Social contagion is crucial for addressing climate change, too. That is one way to get around any political gridlock. When more and more citizens buy solar panels, eat less meat, and drive fewer polluting cars, more will follow. That includes us in healthcare. If we role-model climate concern, both professionally and personally, that can be influential and ethical. Societal political leaders and thought leaders can influence many, one way or another.
In the spiritual realm, from May 16-24, the Catholic Church recently celebrated the five-year anniversary of Pope Francis’s landmark encyclical, Laudato Si’, on the environment and human ecology. Prayer has skyrocketed to over half of Americans praying to end the coronavirus. Moreover, there is data that at least the praying, as well as the related spiritual meditation, reduces undue anxiety and stress, especially if the prayer includes a partnership with a divine force.
Then there is therapeutic art, which can be visual, literary, and/or musical. All have their formal therapeutic disciplines: art therapy, bibliotherapy, and musical therapy. Have you noticed how many positive and innovative artistic presentations, especially musical, are being made online? If anything, there are too many to choose from. Music videos of classical music, especially opera, are skyrocketing in number. Research, using MRIs of the brain, demonstrates that music activates multiple areas of higher-level cognition.
We must appreciate the availability of online communication; just imagine what it must have been like over a hundred years ago, during the “Spanish” flu pandemic. Nevertheless, the current ban on large live musical gatherings mutes the healing power of music. We should never think that being online would adequately replace live human interaction whenever that is practically possible, as well as being psychologically and physically safe and comfortable enough.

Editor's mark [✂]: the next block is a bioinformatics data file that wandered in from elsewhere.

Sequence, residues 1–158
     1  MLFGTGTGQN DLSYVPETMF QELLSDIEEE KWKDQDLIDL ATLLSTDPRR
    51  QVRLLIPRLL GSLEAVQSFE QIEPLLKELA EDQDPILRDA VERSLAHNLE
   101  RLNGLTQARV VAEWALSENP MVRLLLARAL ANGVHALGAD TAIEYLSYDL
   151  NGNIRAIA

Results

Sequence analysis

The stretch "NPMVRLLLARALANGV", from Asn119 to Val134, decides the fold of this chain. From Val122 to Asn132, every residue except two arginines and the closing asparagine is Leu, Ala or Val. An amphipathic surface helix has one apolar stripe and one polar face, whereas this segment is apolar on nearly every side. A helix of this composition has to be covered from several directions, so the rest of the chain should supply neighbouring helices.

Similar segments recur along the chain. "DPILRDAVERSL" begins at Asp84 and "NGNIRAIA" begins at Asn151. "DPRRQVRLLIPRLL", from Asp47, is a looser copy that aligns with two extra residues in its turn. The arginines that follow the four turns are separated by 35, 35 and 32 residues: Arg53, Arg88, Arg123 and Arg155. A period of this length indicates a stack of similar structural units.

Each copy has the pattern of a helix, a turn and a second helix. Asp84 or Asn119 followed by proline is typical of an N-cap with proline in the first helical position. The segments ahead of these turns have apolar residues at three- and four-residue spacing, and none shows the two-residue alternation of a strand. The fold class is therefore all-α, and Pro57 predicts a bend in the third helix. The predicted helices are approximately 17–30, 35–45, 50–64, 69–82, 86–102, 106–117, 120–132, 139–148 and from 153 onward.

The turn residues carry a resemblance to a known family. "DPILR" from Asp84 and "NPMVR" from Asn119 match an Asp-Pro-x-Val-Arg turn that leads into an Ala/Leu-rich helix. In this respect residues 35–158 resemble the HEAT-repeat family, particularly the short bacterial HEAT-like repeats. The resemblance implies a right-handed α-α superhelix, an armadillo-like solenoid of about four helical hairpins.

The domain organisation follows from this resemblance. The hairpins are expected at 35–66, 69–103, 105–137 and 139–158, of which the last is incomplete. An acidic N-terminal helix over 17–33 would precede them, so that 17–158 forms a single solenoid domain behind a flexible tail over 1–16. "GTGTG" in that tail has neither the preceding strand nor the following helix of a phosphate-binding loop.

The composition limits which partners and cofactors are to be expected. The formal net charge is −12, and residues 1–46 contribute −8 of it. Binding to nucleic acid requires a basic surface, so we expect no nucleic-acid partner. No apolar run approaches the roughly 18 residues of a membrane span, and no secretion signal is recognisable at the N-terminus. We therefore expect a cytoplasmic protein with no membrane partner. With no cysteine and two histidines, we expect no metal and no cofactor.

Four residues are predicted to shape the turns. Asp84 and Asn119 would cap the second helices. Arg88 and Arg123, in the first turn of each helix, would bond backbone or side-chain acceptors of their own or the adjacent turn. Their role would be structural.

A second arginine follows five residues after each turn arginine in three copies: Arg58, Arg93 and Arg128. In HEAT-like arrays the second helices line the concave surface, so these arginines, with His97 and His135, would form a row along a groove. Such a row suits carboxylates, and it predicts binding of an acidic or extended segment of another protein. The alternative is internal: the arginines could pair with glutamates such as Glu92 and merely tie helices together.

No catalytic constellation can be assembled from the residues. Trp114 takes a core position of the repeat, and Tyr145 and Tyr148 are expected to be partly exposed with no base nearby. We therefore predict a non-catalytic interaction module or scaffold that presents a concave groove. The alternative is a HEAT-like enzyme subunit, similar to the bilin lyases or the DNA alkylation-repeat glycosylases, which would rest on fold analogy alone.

What may help psychiatrically, when something deeper is indicated, are the kinds of existential psychotherapies created by the Holocaust survivor and psychiatrist, Viktor Frankl, author of the perennial best-seller, Man’s Search for Meaning. His own is called logotherapy. When necessary, medication can help reduce some symptoms, and I wouldn’t be surprised to learn that some of the pubic are taking underground microdoses of LSD to help find more cosmic meaning.
The Series Finale
Now it is June 2020. We are about six months from when we started this series. Maybe what has happened over this time in the world sounds more like fiction, but it is fact. It certainly wasn’t what we expected when we started, but in many ways, our consideration of how the climate was influencing mental health also connected to the coronavirus emergence.
Now there are two overlapping major global disasters occurring at the same time. Does that not suggest that humanity may have been going on the wrong path to the future? That even ignores, for the time being, the prior, but ongoing, nuclear risk. Maybe, like the famous Robert Frost poem, we need to start trying to take the road not previously taken. May we resolve to help lead the way.
Thank you, Chuck, and all who have been supportive of this unprecedented series with unexpected complications. Although we cannot see our adversaries, experts can see that there is a collection of interventions in a bio-psycho-social-eco model of scientific psychiatry that can help address this complex challenge for now. With enough resources and realism, there are opportunities to come out of this stronger and more resilient.
At the end of The Ring, Wagner’s marathon opera, there is a “Transformations” motif that recurs as the physical environment is crumbling, signaling the beginning of a new and better world. Let that be our mental healthcare call around the world for follow-up action.
Programming Note: Listen to Dr. Moffic report this story live today during Talk Ten Tuesdays, 10-10:30 a.m. EST.